Albright reminds the Moonshiners to watch their battery levels, to stop the interview if the tape runs out and then restart, and to have the subjects state their name and title for the camera during interviews.
Charlie, Noah and Ali Alonso go to interview Artown director Beth Macmillan in her office. Ben Kolton and Nathan Lower enter Natasha's office, and Danielle Hauser and Allana Noyes are assigned to Annelise McKenzie, Artown's development and finance director.
The girls are nervous with McKenzie, and Danielle reads questions off the prepared question sheet as Allana holds the camera. McKenzie answers with a professional smile. The words "richness," "culture" and "diversity" are common throughout her dialogue.
"Artown started the revolution--the Renaissance that Reno is going through," says McKenzie.
This is the girls' introduction to the world of public relations. Albright had warned the group no one would likely say anything negative about their institution--especially on tape.
Danielle, with blue hair and purple shoes, asks why Artown doesn't seem to offer much for teens, to which McKenzie answers, "You can't start out being everything to everybody." They've started with their core, she says--kids, seniors and the "arts community" and are now reaching out more to twentysomethings with Artown after Dark, held at the Green Room. She says Artown helps "foster identity" and enhances Reno's national image, so what they bring to its stages has to be "tasteful, entertaining and of the highest quality."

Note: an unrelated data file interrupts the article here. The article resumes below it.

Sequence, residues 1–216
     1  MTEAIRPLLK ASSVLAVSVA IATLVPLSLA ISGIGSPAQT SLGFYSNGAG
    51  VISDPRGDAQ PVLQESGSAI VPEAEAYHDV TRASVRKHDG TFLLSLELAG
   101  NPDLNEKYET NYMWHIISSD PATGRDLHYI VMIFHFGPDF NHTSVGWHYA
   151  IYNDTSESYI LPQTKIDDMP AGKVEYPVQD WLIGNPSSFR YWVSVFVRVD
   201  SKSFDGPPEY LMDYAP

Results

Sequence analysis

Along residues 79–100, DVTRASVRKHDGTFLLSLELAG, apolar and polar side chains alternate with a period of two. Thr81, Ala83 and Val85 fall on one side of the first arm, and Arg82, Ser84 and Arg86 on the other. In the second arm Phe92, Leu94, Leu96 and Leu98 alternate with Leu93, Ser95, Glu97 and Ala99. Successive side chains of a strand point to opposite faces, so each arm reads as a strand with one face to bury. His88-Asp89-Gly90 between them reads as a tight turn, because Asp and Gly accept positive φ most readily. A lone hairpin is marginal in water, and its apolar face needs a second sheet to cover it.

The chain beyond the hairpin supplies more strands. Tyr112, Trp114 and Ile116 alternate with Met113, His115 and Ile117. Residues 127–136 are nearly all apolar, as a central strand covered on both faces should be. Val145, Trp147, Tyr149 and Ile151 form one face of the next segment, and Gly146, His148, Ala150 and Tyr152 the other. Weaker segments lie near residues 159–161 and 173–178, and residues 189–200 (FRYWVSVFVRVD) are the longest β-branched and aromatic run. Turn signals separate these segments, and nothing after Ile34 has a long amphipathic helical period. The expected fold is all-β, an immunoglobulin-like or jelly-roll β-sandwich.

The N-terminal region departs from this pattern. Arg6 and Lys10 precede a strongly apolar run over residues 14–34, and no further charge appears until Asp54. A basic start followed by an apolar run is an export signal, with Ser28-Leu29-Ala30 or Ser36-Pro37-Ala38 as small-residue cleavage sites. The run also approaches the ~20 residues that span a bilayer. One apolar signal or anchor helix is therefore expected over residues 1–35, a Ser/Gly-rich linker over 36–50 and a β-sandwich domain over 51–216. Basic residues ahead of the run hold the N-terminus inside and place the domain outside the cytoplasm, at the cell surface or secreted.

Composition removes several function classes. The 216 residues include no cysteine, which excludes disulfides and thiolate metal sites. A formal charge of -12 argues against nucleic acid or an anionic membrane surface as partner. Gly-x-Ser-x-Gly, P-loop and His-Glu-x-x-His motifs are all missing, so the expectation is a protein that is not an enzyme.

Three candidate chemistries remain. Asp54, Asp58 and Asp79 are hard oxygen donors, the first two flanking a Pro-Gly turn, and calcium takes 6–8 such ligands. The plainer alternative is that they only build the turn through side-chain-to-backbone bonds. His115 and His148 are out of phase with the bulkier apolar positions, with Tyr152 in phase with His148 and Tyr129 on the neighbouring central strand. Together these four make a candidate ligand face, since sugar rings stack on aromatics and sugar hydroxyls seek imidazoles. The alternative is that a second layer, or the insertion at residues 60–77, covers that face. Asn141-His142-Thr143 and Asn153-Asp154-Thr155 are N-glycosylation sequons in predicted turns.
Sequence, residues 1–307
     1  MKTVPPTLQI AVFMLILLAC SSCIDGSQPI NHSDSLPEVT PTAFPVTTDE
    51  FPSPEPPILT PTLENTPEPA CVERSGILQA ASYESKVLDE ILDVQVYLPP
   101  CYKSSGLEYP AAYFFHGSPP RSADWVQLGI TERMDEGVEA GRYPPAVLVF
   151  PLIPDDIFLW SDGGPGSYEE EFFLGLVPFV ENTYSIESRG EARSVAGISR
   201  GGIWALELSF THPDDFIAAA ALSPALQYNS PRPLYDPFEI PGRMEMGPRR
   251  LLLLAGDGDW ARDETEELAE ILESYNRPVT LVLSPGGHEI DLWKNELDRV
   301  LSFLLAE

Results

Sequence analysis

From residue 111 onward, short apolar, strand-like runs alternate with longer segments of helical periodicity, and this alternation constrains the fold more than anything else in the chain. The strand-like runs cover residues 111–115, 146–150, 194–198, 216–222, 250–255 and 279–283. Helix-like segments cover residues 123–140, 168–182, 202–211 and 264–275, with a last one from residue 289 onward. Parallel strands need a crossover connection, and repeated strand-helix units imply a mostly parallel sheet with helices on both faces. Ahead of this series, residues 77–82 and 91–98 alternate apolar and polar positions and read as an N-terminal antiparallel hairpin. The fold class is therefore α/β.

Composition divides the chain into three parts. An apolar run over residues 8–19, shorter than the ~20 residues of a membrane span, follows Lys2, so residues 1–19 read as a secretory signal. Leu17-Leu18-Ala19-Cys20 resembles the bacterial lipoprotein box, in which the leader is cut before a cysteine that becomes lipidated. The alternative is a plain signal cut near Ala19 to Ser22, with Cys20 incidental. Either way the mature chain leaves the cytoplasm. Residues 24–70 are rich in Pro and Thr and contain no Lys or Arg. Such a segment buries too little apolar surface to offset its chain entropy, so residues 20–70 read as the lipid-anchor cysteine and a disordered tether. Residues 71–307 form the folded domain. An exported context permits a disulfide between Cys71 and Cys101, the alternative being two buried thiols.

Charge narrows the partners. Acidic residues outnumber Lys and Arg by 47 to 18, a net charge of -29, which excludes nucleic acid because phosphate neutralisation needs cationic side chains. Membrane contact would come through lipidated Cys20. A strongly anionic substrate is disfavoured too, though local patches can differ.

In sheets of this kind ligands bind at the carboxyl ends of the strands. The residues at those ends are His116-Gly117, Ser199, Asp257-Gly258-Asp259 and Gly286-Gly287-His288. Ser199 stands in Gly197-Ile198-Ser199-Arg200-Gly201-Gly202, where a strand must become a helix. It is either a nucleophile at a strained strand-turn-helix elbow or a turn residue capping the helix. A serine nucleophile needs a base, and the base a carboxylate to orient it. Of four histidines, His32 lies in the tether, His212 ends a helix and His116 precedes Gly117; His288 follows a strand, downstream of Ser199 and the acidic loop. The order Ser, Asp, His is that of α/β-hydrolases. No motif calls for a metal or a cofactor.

Danielle and Allana thank her for her time, leave the room and go in the hallway.
The first thing 15-year-old Allana says is, "You were too easy on her. You read straight off the page."
Allana Noyes readies her camera.
Photo Illustration by David Robert
Danielle slumps against the wall and sits down. "That was really hard," she says. "She kind of twisted some of my questions around. She made it sound like it was a good, positive question."
"But that's, like, her job," says Allana. "You need to be more manipulative. You accepted all her questions without asking anything. ... You can be controversial, but you have to be nice about it."
Danielle says McKenzie frustrated her about the age question--from Danielle's point of view, there's not much in Artown for people her age, between the ages of 14 and 21.
"I was so angered," she says. "The next interview, I'm just going to ask what's in my head. I'm so mad at myself. This was my chance to grill her and get her to say what I want her to say. There were so many chances where I couldn't get her to say what I wanted her to say. I have to be meaner."
"I'm glad you went first," Allana says.
Scene 2, July 1-7: Go-Carting with Sonic Youth